The biggest change I have seen over the decades has been the emergence of a number of major venture firms in Chicago, and also a tremendous growth in both smaller VC firms, angel investors and investor syndicates. These days it’s a piece of cake to get your deal funded... said no one ever.
 
IVCA: Since working so closely with '1871,' how do you view the opportunity to combine private company investments, entrepreneurship and civic engagement?
 
Tullman: At 1871, we spend a great deal of our time and resources making sure that the businesses being built in our ecosystem are not simply about people trying to make a living, but are also about making a life, and making a difference far beyond their individual desires and lives. 1871 itself is a shining example of how engaged public and private support for a great new idea can come together to serve the entrepreneurial community and the businesses here – big and small – and to better the economy for all concerned. Even though 1871 hasn’t received any city or state funding for many years, we wouldn’t be here in the first place without the help and support from our city, state, federal, university and business partners/sponsors.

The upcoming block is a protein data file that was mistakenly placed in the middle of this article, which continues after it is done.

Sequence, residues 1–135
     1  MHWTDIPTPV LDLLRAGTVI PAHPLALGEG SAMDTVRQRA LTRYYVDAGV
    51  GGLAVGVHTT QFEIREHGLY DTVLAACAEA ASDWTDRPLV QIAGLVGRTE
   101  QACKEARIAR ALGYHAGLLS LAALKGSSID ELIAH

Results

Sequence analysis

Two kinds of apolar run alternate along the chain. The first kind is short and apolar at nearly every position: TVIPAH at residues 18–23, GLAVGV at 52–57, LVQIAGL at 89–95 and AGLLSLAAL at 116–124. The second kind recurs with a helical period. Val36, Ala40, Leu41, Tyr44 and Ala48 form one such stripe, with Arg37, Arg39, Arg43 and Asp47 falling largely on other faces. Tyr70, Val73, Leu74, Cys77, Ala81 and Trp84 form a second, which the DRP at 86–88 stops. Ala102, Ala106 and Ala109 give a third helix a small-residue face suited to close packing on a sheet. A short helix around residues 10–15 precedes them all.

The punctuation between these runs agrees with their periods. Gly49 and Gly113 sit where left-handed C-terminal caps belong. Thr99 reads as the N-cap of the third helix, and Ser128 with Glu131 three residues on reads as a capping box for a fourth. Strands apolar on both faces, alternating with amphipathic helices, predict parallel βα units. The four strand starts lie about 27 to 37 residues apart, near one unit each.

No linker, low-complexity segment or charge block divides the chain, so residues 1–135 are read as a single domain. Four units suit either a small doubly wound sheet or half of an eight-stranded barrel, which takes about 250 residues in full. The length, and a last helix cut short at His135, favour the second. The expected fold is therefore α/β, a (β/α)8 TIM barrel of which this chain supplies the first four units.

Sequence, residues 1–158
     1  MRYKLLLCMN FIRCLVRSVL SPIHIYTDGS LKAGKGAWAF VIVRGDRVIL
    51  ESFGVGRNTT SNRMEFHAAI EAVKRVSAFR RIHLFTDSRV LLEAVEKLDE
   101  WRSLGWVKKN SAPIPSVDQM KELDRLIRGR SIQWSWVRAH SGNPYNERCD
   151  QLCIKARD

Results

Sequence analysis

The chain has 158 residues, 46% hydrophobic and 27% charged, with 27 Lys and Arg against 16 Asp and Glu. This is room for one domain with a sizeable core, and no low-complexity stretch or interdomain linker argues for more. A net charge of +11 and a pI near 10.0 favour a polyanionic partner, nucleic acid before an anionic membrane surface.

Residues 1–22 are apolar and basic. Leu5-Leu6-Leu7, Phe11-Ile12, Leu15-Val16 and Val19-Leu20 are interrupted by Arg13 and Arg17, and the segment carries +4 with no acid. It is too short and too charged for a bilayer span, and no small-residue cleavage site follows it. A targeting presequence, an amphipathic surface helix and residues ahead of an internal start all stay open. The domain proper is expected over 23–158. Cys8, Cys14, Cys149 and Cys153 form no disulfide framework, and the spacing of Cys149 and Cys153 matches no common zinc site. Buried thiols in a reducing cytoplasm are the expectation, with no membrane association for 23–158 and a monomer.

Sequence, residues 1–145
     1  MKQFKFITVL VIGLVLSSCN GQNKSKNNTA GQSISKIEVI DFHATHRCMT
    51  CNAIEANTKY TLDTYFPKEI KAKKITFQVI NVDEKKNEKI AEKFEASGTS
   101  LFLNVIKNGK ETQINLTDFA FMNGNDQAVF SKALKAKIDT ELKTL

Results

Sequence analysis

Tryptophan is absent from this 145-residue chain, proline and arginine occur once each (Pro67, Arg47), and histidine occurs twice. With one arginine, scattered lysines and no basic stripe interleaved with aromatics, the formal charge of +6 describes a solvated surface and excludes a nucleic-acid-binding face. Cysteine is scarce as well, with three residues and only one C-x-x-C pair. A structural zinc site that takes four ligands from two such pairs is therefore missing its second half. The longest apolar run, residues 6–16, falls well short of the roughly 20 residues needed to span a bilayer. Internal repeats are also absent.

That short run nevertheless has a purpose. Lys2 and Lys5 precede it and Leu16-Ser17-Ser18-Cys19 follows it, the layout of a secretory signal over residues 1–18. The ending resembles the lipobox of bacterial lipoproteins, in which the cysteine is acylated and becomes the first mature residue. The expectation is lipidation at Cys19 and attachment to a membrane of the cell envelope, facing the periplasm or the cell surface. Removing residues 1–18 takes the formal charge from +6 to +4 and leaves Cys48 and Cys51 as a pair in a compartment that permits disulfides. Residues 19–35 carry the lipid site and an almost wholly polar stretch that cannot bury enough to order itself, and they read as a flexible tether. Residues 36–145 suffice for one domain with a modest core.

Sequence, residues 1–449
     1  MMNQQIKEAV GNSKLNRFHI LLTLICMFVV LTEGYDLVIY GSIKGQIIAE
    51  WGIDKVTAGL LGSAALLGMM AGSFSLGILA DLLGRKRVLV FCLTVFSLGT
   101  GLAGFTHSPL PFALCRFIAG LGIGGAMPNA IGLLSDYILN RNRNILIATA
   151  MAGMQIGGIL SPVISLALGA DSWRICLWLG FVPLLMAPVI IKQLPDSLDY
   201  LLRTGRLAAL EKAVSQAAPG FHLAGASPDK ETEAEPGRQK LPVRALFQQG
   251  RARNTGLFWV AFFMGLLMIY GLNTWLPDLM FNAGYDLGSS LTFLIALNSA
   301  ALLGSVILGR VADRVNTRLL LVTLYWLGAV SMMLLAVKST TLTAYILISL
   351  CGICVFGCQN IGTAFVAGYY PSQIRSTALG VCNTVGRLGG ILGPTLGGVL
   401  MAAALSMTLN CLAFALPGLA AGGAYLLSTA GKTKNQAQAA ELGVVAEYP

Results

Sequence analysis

IVCA: Since you've had a long experience with civic engagement, what advice do you have for younger people who are interested in becoming involved in that experience?
 
Tullman: In our little part of the world, this is a hard question because it’s very difficult when you’re trying to build a new business... to try to serve too many masters and chase too many rabbits at the same time. I would say, as tired an expression as it may be, that charity and civic engagement for our startups needs to start at home – taking care of their own businesses which hopefully have some built-in component of civic contribution.
 
Once they have nailed that, and once they aren’t spending every day putting out a multitude of fires, then it becomes a little easier to focus on giving back and lending a helping hand to those coming next. But if you don’t concentrate on building your initial business on a firm and sustainable foundation, and if you let yourself or your team become too distracted by trying to do too many things, you won’t be around to help anyone out. 
 
Tables and tickets are still available for the 2017 IVCA Awards dinner, December 4th, 2017, at the Four Seasons in Chicago. Click here or contact Kathy Pyne directly at kpyne@illinoisvc.org or 312.241.1620.